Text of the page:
“I See You”

The second most memorable experience I personally had during the trip was ironically on the last day, during the Sunday Service at Central St. Matthew UCC Church in New Orleans. The Reverend Wilmer Brown gave the perfect capstone to the trip, speaking about our Christian call to do hands-on mission work, whether in our daily lives, local community and in locations unfamiliar to us. Rev. Brown read the account of Peter’s first miracle from Acts 3:1-10, where Peter and John pass by a cripple on the steps of the temple, and although they had probably passed by this beggar many times in the past, the scripture says, this time they did something different: 4“Peter looked straight at him, as did John. Then Peter said, “Look at us!” 5So the man gave them his attention, expecting to get something from them. 6Then Peter said, “Silver or gold I do not have, but what I do have I give you. In the name of Jesus Christ of Nazareth, walk.” Rev Brown then interprets this passage from a somewhat different perspective, one that only someone who has done mission work or worked with the poor might have. He starts by sharing with us his favorite scene from the movie Avitar where Neytiri says to Jake “I see you”. Rev Brown relates to us how Neytiri is not simply saying I see you physically, but I see you as a person. I see you. So here, Peter and John do something very unexpected. They stop and actually look at the beggar. They “see” him, perhaps for the first time. They see him as a person and have compassion; he’s no longer just another faceless beggar on the street. Rev Brown goes on to explain how important it is for us to “see” each other and to look at those in need with eyes of non-judgmental compassion. What a powerful experience that would be for the beggar, to be recognized as a person, let alone the healing that followed. Although Rev Brown did not speak of it, I’m sure he was aware that there is a lot of other “seeing” going on in this story. The beggar also has the opportunity to “see” his benefactors, not just as some faceless person walking briskly by and dropping a few coins in his cup; not just someone giving of his or her excess, but a person that stops and take the time to engage and show that they care. So Peter’s command “Look at Us!” has another meaning. He’s saying “See me!” I’m a person too. I don’t have money, but I care about you. And there is still more “seeing” going on in the story. What about the other bystanders who witness the act of caring? How many times have we passed by beggars without even looking, even crossed the street to avoid them? Often this is out of some vague fear, or confusion as to how we are supposed to act. Maybe we stop and fish for some coins or a dollar bill in our wallet or pocketbook, but we do so hastily, in obvious discomfort, never looking the person in the eyes or engaging in friendly talk. In my life there have been times when I’ve observed a caring person engage a homeless vagrant and strike up a conversation. It’s unusual to see someone who shows a willingness to accept a homeless person as someone of value and purposely tries to show them that they care. In those times, I’ve been envious of the Samaritan’s ability to reach out even at the risk of being rebuked or worse. Rev Brown’s sermon made me reconsider some of my own excuses. Are they going to use the money to buy alcohol or drugs? Shouldn’t they seek help in local clinics, etc? You know the excuses. But what would Jesus do? Did he say, help those who only help themselves? Did he say, make sure they use the money to buy food? Did he say, make sure they are Christians first? No. He just said, feed the hungry, heal the sick, and clothe the poor. No strings attached. So whenever you do a kindness to someone, others see and have an opportunity to learn and “see” for themselves. Finally, there is one last “see-er”. God. God sees you too. He see’s your act of kindness and it is noted. So the lifter is lifted.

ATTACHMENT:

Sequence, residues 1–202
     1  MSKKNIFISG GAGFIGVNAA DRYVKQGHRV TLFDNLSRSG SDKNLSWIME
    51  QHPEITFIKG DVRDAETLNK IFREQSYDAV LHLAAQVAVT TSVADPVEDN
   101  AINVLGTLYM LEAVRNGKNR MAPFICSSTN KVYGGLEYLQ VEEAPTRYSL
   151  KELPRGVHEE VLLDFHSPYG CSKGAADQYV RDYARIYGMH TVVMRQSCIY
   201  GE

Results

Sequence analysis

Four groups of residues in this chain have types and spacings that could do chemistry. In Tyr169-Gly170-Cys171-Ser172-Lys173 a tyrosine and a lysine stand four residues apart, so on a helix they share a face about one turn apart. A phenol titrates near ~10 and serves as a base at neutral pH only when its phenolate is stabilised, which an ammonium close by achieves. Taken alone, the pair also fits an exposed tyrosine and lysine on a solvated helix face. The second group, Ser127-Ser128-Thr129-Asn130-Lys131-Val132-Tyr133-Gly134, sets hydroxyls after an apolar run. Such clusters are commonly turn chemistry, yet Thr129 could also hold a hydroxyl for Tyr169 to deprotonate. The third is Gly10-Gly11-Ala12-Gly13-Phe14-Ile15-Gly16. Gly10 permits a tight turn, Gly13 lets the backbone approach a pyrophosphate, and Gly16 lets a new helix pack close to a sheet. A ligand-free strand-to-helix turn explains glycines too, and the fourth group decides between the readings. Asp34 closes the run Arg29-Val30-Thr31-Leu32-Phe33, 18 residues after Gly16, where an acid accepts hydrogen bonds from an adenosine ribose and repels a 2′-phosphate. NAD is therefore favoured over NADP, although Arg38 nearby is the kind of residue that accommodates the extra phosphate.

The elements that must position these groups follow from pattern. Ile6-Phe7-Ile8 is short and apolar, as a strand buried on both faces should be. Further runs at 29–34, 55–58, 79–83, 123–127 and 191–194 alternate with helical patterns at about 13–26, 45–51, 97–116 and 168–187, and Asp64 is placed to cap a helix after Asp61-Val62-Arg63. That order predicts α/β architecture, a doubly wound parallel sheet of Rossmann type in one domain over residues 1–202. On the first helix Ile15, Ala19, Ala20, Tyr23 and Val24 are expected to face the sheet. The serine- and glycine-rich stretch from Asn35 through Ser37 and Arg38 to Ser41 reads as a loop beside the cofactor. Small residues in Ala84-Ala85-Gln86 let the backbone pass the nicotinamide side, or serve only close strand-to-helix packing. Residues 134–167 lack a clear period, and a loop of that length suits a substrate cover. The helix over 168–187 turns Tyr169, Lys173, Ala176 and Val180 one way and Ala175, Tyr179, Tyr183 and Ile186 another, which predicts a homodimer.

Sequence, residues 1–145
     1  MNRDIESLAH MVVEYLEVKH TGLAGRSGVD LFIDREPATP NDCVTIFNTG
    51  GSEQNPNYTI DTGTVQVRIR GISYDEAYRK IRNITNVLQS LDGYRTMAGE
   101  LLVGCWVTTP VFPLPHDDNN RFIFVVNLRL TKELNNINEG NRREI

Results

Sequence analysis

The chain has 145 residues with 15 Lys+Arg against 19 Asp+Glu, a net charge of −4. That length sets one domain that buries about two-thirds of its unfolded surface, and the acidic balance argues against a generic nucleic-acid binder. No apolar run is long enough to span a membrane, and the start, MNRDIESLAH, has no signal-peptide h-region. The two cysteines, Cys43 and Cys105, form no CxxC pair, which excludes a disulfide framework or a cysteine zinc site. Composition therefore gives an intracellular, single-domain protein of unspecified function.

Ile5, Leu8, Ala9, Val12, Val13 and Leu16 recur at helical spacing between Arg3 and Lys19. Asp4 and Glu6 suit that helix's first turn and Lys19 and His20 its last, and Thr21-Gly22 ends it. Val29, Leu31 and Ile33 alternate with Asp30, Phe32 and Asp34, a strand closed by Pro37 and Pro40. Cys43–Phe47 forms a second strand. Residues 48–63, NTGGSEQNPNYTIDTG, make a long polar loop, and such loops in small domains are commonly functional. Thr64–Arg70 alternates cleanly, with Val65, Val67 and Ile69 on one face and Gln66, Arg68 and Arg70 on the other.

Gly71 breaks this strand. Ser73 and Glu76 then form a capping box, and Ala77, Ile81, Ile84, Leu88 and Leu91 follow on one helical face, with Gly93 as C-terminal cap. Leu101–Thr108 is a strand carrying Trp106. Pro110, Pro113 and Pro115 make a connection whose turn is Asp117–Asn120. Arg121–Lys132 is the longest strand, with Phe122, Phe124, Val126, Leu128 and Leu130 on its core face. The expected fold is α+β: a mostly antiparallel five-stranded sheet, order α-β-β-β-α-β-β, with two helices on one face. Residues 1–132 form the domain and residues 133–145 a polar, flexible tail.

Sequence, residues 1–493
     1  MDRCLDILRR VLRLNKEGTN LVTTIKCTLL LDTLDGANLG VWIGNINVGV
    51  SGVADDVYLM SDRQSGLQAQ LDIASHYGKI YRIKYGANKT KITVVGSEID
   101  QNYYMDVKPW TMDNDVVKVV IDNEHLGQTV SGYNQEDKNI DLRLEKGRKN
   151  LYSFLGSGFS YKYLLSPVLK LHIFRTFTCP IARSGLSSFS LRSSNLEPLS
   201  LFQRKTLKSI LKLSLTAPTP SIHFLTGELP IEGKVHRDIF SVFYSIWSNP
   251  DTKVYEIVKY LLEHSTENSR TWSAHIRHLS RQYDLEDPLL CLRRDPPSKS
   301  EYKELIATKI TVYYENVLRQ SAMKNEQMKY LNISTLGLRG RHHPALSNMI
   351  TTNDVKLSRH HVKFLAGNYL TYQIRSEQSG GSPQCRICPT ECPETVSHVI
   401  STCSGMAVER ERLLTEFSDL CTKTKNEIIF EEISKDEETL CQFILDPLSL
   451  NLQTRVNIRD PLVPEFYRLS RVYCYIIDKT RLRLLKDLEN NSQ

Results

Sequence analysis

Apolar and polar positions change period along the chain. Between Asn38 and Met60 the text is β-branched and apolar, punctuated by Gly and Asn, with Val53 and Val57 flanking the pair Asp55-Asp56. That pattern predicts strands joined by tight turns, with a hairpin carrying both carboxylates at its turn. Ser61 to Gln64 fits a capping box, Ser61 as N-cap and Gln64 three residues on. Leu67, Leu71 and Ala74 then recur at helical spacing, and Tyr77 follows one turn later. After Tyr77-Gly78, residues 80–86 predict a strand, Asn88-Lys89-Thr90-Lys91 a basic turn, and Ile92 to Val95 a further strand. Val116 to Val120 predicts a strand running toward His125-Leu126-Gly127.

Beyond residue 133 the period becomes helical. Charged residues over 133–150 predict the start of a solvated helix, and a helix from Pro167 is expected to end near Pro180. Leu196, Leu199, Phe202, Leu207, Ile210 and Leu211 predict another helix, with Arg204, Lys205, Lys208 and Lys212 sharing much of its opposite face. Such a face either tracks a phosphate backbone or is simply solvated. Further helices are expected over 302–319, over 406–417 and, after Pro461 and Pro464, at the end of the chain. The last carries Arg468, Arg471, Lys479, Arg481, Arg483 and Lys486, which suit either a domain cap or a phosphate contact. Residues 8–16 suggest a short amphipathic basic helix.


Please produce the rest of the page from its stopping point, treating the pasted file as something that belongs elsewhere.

The Purpose of Mission Trips